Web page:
Tim revised the screw's mounting bracket and how the RG8 fits into the brass tube. The text and diagram below shows the details of this revision.

I used a thin strap - about 1/4 inch wide - of brass straight out of the SO-239, and attached it to the opposite wall the same way as with the first bracket. I drilled a hole directly above the brass tube. This time however, all of the 'plunger' action will go on inside the brass tube on the top. The RG8 center conductor and insulation will extend below the bottom of the brass tube. The RG8 will be same length, but the brass tube will be cut down 1 inch shorter than the RG8; in the first version the extra inch of RG8 was above the tube. The brass tube is 6 inches long, the brass screw is 1.25 inches long, and the RG8 pigtail is 7 inches long, not including the solder tab.


Here's a photo of the revised screw, bracket, and center section of RG8 soldered to the screw:


The support bracket connects to the center terminal of the coaxial connector mounted to the side of the Heliax. The other end of the bracket is supported through an insulated piece of circuit board to another bracket that's attached to the top of the Heliax. After tuning, additional pieces of metal were attached to the sides of the brackets to provide a lot more shielding. Figure 4 in the drawing below shows a more complete view.


Here's a photo of a completed top section with one side removed (or yet to be attached), showing all of the pieces:


As these sections are used for the transmit side, they need to minimize the pass-band loss. As such, a small fixed capacitor is soldered to the back of the SO-239. These serve the same purpose as the coils attached to the back of the connectors on the receive filter sections, which notch the transmit frequency. This is mentioned in the notes on the above drawing.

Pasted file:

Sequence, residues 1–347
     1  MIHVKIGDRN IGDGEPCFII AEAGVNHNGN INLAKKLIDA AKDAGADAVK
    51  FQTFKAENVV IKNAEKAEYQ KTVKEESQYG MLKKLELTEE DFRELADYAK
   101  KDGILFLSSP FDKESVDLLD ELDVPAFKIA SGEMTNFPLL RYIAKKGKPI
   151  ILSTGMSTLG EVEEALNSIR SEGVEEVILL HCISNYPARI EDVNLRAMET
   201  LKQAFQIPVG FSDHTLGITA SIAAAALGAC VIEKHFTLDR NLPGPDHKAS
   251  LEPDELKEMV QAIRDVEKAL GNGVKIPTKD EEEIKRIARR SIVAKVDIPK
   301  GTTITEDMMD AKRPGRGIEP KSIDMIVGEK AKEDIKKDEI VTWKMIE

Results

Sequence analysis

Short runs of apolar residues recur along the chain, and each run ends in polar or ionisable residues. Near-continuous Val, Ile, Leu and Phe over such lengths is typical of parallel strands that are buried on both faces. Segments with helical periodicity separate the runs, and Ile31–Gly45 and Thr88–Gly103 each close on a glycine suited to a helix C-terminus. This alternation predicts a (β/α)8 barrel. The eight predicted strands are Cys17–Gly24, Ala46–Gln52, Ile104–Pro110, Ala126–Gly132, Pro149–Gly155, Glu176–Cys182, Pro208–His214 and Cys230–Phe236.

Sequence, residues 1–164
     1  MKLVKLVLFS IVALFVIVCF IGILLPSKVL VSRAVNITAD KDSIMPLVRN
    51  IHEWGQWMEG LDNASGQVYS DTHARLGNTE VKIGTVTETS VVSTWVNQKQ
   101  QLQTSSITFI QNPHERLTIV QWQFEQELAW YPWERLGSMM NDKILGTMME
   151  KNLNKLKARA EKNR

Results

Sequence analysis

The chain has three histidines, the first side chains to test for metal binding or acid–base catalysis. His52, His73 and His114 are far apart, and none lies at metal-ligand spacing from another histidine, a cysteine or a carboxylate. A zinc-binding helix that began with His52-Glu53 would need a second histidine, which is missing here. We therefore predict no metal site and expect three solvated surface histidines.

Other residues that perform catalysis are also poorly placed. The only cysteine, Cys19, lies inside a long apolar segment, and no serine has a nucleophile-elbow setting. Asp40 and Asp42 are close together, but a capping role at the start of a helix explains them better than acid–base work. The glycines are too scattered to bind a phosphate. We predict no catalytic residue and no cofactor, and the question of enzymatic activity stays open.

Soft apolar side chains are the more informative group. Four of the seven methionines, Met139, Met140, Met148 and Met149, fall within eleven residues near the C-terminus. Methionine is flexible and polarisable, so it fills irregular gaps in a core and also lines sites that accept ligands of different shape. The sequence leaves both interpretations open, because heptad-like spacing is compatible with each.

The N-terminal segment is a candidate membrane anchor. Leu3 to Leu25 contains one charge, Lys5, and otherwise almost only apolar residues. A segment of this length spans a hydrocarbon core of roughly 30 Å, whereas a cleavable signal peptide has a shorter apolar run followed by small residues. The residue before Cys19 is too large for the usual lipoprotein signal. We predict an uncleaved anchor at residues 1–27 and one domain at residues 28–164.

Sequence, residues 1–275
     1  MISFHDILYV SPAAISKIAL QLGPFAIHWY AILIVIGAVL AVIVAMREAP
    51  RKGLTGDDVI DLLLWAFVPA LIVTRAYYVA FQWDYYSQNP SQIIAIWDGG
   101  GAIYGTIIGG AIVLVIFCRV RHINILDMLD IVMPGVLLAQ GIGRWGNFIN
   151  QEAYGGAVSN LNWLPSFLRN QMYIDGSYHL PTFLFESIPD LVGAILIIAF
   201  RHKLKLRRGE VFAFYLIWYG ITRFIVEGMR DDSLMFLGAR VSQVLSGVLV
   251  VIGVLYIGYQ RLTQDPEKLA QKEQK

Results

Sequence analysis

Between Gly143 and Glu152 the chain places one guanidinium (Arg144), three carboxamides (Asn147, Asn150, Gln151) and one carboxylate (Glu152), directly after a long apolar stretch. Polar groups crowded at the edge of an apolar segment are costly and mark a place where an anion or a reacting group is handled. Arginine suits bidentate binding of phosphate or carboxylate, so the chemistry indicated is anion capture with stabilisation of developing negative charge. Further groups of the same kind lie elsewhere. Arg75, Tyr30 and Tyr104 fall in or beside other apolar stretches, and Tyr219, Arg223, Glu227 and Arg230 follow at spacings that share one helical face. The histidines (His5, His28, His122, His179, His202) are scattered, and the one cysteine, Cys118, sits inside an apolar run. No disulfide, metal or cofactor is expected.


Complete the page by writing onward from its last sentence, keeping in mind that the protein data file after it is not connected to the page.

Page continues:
Tim adds the following as an aid to getting the notch tuning just right:

When adjusting the notch tuning capacitor, I first screwed the RG8 all the way in to the tubing, and measured (on the spectrum analyzer) where the notch was. Then I unscrewed it all the way out, and noted the notch frequency. From that, I could determine how much of the RG8 to cut off to put the desired notch directly in the middle of the mechanical tuning range. (Gee, I cut it three times, and its still too short!) If you make a mistake in the length of the RG8, at least it's easy to get, and cheap!

Contact Information:

Tim can be contacted at: tahrens [ at ] swtexas [ dot ] net.

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This page originally posted on Tuesday 20-Jul-2010

Diagrams and design idea Copyright © 2010 by Tim Ahrens W5FN.
Article text and HTML Conversion copyright © 2010 by Robert W. Meister WA1MIK.

This web page, this web site, the information presented in and on its pages and in these modifications and conversions is © Copyrighted 1995 and (date of last update) by Kevin Custer W3KKC and multiple originating authors. All Rights Reserved, including that of paper and web publication elsewhere.